I believe Mr Collinson has had a very bad experience with an/ some estate agents at some point in his life which is a great shame, as it appears to have affected his ability to write balanced, informed articles on this topic. This is not his first piece which cherishes the downfall of any type of agency. A pity, as he is clearly an intelligent man in many respects.

    The stark facts of agency and the survival of bad agents on the high street is a combination of factors. First and foremost is that </>95% of the public have not embraced the call-centre model despite millions being thrown at it and highly misleading/ false advertising campaigns and claims. Next, are a combination of a wide lack of knowledge of consumer rights, already low service expectations by consumers, a lack of will to complain at the end of a major life event and property transaction and, a lack of funding (and apparently will) for agencies tasked with protecting consumers/ law-abiding agents to prosecute poor practice.

    Truth be told, many high street agents probably should not be in business but remain so because no one expects any better and no one is prepared to complain/ do anything about it.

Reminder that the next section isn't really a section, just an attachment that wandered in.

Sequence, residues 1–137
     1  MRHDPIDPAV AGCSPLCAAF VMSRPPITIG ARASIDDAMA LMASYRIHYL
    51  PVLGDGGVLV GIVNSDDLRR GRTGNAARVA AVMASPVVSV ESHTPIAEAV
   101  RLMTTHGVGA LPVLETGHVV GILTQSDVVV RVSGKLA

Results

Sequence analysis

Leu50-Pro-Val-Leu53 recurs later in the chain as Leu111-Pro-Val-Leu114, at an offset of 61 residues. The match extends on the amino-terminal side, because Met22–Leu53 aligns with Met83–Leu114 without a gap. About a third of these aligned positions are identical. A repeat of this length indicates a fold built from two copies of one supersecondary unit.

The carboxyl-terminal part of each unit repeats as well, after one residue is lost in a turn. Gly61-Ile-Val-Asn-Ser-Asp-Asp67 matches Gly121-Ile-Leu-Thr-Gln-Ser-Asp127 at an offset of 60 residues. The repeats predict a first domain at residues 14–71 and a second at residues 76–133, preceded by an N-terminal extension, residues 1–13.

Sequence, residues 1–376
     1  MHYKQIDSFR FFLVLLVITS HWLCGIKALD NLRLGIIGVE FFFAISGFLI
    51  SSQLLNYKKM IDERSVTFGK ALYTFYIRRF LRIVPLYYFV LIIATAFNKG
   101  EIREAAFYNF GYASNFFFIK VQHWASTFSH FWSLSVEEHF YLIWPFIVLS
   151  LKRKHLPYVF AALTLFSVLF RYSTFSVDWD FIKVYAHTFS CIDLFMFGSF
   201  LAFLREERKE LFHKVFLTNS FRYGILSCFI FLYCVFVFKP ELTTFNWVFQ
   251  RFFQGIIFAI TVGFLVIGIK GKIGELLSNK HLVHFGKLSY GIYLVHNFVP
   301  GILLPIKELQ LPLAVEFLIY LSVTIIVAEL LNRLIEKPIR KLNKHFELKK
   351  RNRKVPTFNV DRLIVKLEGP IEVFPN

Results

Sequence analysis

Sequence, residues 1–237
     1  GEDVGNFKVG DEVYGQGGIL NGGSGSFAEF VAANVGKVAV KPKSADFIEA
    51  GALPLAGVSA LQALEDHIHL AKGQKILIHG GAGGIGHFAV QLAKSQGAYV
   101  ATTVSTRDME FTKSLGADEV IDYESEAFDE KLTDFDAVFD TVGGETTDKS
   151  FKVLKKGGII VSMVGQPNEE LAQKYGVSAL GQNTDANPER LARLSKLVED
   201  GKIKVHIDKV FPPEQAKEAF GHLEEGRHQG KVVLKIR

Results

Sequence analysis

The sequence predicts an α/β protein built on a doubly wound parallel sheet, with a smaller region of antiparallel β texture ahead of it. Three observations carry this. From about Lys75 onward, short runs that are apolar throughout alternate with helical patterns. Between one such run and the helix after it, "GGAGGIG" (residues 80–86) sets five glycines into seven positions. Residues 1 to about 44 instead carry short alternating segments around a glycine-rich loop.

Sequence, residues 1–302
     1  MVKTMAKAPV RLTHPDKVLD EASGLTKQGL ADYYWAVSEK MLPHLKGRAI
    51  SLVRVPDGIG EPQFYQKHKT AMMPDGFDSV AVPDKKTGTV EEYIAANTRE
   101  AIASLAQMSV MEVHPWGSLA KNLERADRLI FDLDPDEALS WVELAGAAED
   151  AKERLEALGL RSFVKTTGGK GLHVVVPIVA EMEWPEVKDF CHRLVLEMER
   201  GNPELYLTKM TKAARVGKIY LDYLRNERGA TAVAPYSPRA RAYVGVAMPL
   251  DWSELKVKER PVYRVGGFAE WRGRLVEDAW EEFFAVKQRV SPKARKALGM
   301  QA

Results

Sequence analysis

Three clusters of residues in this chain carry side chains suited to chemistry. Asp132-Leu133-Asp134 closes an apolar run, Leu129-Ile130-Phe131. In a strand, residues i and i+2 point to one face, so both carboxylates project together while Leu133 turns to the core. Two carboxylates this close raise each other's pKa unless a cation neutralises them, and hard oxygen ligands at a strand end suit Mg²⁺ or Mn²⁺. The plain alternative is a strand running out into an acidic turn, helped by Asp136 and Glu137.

Perhaps if, instead of calling for all agents to be roasted alive as Mr Colinson might wish, he called for good agents and agency practice to be championed and for poor agency (of ALL business models) to be properly sanctioned, he and the public at large, might have a better experience the next time they come to move home.

  3. jeremy1960

    Ah, another desk bound journo from the smoke what is London town! There is life outside the M25 believe it or not.  Just because the for  sale board opposite your office window hasn’t changed to sold Mr journo it doesn’t mean that the world is coming to an end!

  4. AgencyInsider

    Well I never. Reading the comments on the piece I find that Purplebricks is not universally loved. I am amazed.

  5. AgentV

    The Guardian columnist would do as well to remember that his job probably only exists because of the generous voluntary donations to the Guarduan from the public.

    To write a story courting public opinion, which could affect the livelihoods of thousands of small local businesses, without proper research giving a more balanced story, is extremely poor journalism. For instance not to mention the charging structure of both models (no sale no fee and pay whether you sell or not) is just plain ignorance.

    It is the last thing I would have expected from the Guardian….favouritism towards very large investor backed companies, designed from the ground up to make a few people very rich, against many small local family owned community businesses.